It turns out that the U.S. Department of Education has quite a few issues with the District’s application for relief from No Child Left Behind. The problems start with two chronic concerns: The city’s poor record of handling and accounting for federal grants, and its difficulties staying in compliance with special education laws. Both were inherited by the Office of the State Superintendent of Education when it was formed in 2007, but they remain obstacles.
“The Department is concerned about OSSE’s status as a high-risk grantee,” said the April 17 letter to D.C. State Superintendent Hosanna Mahaley from Acting U.S. Assistant Secretary Michael Yudin, which the District kept under wraps until Thursday evening. Yudin also cited what he called the District’s “sustained non-compliance with Individuals with Disabilities Act” (IDEA).
Federal officials want to hear more about how OSSE will hold the city’s 53 public charter schools accountable--especially low performers-- since they operate with considerable autonomy. Mahaley said OSSE’s issues were unique from other state education agencies because of the city’s heavy concentration of charter schools. She said that OSSE and the D.C. Public Charter School Board need to work out decisions on which agency is best suited to support academically struggling charters.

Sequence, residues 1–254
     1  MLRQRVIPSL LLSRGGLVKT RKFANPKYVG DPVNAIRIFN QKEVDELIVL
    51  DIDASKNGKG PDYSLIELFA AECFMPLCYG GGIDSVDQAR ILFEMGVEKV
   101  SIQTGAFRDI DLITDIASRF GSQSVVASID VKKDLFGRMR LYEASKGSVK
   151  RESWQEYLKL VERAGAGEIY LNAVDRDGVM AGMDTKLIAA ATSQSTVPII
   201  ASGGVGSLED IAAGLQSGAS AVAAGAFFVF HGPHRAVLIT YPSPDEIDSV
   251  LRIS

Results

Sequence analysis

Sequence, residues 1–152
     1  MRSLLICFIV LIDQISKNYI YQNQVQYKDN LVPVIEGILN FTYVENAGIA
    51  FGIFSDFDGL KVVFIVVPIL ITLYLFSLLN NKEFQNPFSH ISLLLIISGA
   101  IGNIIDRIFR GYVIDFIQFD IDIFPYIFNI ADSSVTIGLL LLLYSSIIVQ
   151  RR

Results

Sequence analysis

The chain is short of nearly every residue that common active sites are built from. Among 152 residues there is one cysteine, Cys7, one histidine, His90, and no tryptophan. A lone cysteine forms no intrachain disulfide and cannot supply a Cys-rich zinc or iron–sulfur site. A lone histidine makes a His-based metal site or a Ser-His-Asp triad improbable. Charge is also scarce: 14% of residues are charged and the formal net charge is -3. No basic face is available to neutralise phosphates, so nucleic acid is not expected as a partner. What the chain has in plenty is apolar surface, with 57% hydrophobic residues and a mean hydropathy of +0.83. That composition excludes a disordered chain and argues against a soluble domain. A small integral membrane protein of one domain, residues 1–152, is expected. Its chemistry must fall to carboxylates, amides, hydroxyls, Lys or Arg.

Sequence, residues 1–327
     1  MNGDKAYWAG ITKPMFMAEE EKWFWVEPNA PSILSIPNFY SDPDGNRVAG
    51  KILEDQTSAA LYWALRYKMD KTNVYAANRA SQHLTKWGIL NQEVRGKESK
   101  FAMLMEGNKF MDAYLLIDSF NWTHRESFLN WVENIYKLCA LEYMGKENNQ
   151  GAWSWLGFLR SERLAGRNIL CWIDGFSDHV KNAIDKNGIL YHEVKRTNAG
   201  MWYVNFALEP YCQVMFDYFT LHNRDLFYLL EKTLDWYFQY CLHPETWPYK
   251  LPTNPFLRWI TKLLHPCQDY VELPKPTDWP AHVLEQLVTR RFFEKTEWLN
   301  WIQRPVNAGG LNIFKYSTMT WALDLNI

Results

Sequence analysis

The Education Department is offering “flexibility” from NCLB’s focus on absolute test scores and its mandate for students to achieve 100 percent reading and math proficiency by 2014. States that propose their own tough accountability plans can get some regulatory relief. Without a waiver, however, nearly all of the District's 187 eligible public and public charter schools would be considered ”failing” in two years.
OSSE officials have proposed a system that emphasizes growth in test scores over annual results and an intensive effort to overhaul the lowest-performing schools in the city. It wants to give parents a more meaningful set of measurements to determine progress of students and schools, including rates of ninth grade completion, and high school and college graduation.
Mahaley said she was surprised by the Education Department’s references to grant and special education issues. She said OSSE’s last three quarterly reports to the federal agency have included no “open issues” surrounding grants, and that discussions were underway on the District’s removal from high-risk status. As for special education, she cited the District’s exit from the “Blackman” segment of the Blackman-Jones class-action lawsuit.
Mahaley said discussions with the department would continue and a revised application will be filed by May 30.